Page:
+ Related Weaknesses
CWE-IDWeakness NameWeakness Relationship Type
180Incorrect Behavior Order: Validate Before CanonicalizeTargeted
181Incorrect Behavior Order: Validate Before FilterTargeted
173Failure to Handle Alternate EncodingTargeted
171Cleansing, Canonicalization, and Comparison ErrorsTargeted
172Encoding ErrorTargeted
73External Control of File Name or PathTargeted
21Pathname Traversal and Equivalence ErrorsTargeted
22Improper Limitation of a Pathname to a Restricted Directory ('Path Traversal')Targeted
74Failure to Sanitize Data into a Different Plane ('Injection')Targeted
20Improper Input ValidationTargeted
697Insufficient ComparisonTargeted
707Improper Enforcement of Message or Data StructureTargeted
+ Related Attack Patterns
NatureTypeIDNameDescriptionView(s) this relationship pertains toView\(s\)
PeerOfAttack PatternAttack Pattern43Exploiting Multiple Input Interpretation Layers 
Mechanism of Attack1000
PeerOfAttack PatternAttack Pattern64Using Slashes and URL Encoding Combined to Bypass Validation Logic 
Mechanism of Attack1000
PeerOfAttack PatternAttack Pattern71Using Unicode Encoding to Bypass Validation Logic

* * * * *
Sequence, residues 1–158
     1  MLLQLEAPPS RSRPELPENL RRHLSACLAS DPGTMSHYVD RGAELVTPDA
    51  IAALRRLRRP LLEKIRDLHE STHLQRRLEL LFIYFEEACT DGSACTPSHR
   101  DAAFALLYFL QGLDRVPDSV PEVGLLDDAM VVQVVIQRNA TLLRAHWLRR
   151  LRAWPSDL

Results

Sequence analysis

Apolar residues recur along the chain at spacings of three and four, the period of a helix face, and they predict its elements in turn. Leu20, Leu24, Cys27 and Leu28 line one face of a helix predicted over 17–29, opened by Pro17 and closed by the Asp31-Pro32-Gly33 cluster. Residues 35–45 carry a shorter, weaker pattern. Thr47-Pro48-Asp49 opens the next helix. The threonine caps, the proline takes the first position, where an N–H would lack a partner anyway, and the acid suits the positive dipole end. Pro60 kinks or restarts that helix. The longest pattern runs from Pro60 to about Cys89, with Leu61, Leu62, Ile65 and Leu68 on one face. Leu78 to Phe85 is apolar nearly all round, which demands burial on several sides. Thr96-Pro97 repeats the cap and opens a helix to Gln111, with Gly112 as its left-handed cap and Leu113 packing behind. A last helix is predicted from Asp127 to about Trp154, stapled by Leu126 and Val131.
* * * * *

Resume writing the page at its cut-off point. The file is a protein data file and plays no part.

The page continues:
Mechanism of Attack1000
ChildOfAttack PatternAttack Pattern79Using Slashes in Alternate Encoding 
Mechanism of Attack1000
ChildOfCategoryCategory126Path Traversal 
Mechanism of Attack (primary)1000
ChildOfAttack PatternAttack Pattern267Leverage Alternate Encoding 
Mechanism of Attack (primary)1000
+ Relevant Security Requirements

All client-supplied input must be validated through filtering and all output must be properly escaped.

+ Related Security Principles
  • Reluctance to Trust

+ Related Guidelines
  • Never trust user-supplied input.

+ Purposes
  • Penetration
  • Exploitation
+ CIA Impact
Confidentiality Impact: HighIntegrity Impact: HighAvailability Impact: Medium
+ Technical Context
Architectural Paradigms
+ References
G. Hoglund and G. McGraw. "Exploiting Software: How to Break Code". Addison-Wesley. February 2004.

CWE - Input Validation

+ Content History
G. Hoglund and G. McGraw. Exploiting Software: How to Break Code. Addison-Wesley, February 2004.Cigital, Inc2007-03-01
Eric DalciCigital, Inc2007-02-13Fleshed out content to CAPEC schema from the original descriptions in "Exploiting Software"
Sean BarnumCigital, Inc2007-03-07Review and revise
Richard StruseVOXEM, Inc2007-03-26Review and feedback leading to changes in Related Attack Patterns
Sean BarnumCigital, Inc2007-04-16Modified pattern content according to review and feedback